Heavy vehicles and mobile equipment are indispensable to many industrial activities, from construction to railroads. Various types of equipment move materials, till land, lift beams, and dig earth to pave the way for development and production. Heavy vehicle and mobile equipment service technicians and mechanics repair and maintain engines and hydraulic, transmission, and electrical systems powering farm equipment, cranes, bulldozers, and railcars. (For more detailed information on service technicians specializing in diesel engines, see the statement on diesel service technicians and mechanics
elsewhere in the Handbook.)
Service technicians perform routine maintenance checks on diesel engines and on fuel, brake, and transmission systems to ensure peak performance, safety, and longevity of the equipment. Maintenance checks and comments from equipment operators usually alert technicians to problems. With many types of modern heavy and mobile equipment, technicians can plug hand-held diagnostic computers into onboard computers to diagnose any component needing adjustment or repair. After locating the problem, these technicians rely on their training and experience to use the best possible technique to solve the problem. If necessary, they may partially dismantle the component to examine parts for damage or excessive wear. Then, using hand-held tools, they repair, replace, clean, and lubricate parts as necessary. In some cases, technicians calibrate systems by typing codes into the onboard computer. After reassembling the component and testing it for safety, they put it back into the equipment and return the equipment to the field.
Many types of heavy and mobile equipment use hydraulics, to raise and lower movable parts. When hydraulic components malfunction, technicians examine them for fluid leaks, ruptured hoses, or worn gaskets on fluid reservoirs. Occasionally, the equipment requires extensive repairs, as when a defective hydraulic pump is replaced.
In addition to conducting routine maintenance checks, service technicians perform a variety of other repairs. They diagnose electrical problems and adjust or replace defective components. They also disassemble and repair undercarriages and track assemblies. Occasionally, technicians weld broken equipment frames and structural parts, using electric or gas welders.
It is common for technicians in large shops to specialize in one or two types of repair. For example, a shop may have individual specialists in major engine repair, transmission work, electrical systems, and suspension or brake systems. The technology used in heavy equipment is becoming more sophisticated with the increased use of electronic and computer-controlled components. Training in electronics is essential for these technicians to make engine adjustments and diagnose problems. Training in the use of hand-held computers also is necessary, because computers help technicians diagnose problems and adjust the functions of components.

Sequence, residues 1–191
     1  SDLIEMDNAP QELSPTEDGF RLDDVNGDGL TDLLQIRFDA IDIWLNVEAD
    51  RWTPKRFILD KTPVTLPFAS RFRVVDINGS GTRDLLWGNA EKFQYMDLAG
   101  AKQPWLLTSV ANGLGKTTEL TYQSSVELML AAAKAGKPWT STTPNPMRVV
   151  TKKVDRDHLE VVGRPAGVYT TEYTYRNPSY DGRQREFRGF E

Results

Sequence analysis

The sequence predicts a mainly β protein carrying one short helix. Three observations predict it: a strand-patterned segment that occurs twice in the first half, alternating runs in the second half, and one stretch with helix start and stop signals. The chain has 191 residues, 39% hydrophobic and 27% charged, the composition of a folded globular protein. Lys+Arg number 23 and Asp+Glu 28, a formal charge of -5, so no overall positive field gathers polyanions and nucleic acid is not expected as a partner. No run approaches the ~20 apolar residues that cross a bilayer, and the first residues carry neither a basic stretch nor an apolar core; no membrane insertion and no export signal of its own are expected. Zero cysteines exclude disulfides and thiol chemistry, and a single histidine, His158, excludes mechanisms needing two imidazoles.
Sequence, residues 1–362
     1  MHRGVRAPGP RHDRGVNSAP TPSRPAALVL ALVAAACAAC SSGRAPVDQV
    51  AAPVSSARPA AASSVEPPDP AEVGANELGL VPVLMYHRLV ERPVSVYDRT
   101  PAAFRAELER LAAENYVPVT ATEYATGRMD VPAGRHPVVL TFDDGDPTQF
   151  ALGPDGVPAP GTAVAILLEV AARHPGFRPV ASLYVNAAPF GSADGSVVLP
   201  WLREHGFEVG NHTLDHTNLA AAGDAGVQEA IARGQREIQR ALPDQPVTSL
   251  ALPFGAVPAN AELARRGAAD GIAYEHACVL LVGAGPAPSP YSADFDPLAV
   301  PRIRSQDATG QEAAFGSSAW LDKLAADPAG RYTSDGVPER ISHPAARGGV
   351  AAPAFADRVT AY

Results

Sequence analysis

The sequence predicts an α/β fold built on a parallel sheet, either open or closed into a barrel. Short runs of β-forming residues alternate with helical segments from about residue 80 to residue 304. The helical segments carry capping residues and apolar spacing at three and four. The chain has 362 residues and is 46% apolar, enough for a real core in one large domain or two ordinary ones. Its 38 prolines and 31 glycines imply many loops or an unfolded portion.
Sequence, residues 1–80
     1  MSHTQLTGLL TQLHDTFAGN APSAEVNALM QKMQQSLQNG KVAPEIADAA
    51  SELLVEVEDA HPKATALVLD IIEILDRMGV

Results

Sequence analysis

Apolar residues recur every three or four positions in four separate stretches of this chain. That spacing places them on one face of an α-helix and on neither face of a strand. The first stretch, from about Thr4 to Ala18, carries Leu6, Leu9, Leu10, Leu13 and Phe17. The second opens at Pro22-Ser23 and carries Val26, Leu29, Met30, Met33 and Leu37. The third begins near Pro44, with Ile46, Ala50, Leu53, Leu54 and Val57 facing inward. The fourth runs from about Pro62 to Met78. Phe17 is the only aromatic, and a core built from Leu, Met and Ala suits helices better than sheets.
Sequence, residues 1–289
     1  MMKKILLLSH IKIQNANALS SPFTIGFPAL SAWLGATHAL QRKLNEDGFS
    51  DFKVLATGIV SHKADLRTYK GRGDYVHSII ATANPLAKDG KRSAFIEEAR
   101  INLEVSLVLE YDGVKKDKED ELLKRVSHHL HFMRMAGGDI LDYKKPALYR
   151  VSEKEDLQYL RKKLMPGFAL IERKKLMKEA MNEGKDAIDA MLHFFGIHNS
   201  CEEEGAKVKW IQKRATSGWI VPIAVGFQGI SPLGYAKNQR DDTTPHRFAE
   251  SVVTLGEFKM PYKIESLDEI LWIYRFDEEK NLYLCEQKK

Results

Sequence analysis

Service technicians use a variety of tools in their work: power tools, such as pneumatic wrenches, to remove bolts quickly; machine tools, like lathes and grinding machines, to rebuild brakes; welding and flame-cutting equipment, to remove and repair exhaust systems; and jacks and hoists, to lift and move large parts. Service technicians also use common handtools—screwdrivers, pliers, and wrenches—to work on small parts and to get at hard-to-reach places. They may use a variety of computerized testing equipment to pinpoint and analyze malfunctions in electrical systems and other essential systems. For example, tachometers and dynamometers serve to locate engine malfunctions. Service technicians also use ohmmeters, ammeters, and voltmeters when working on electrical systems.
Mobile heavy equipment mechanics and service technicians keep construction and surface mining equipment, such as bulldozers, cranes, crawlers, draglines, graders, excavators, and other equipment, in working order. Typically, these workers are employed by equipment wholesale distribution and leasing firms, large construction and mining companies, local and Federal governments, and other organizations operating and maintaining heavy machinery and equipment fleets. Service technicians employed by the Federal Government may work on tanks and other armored equipment.
Farm equipment mechanics service, maintain, and repair farm equipment, as well as smaller lawn and garden tractors sold to suburban homeowners. What typically was a general repairer’s job around the farm has evolved into a specialized technical career. Farmers have increasingly turned to farm equipment dealers to service and repair their equipment because the machinery has grown in complexity. Modern equipment uses more electronics and hydraulics, making it difficult to perform repairs without some specialized training.
Farm equipment mechanics work mostly on equipment brought into the shop for repair and adjustment. During planting and harvesting seasons, they may travel to farms to make emergency repairs to minimize delays in farm operations.
Railcar repairers specialize in servicing railroad locomotives and other rolling stock, streetcars and subway cars, or mine cars. Most work for railroads, public and private transit companies, and railcar manufacturers.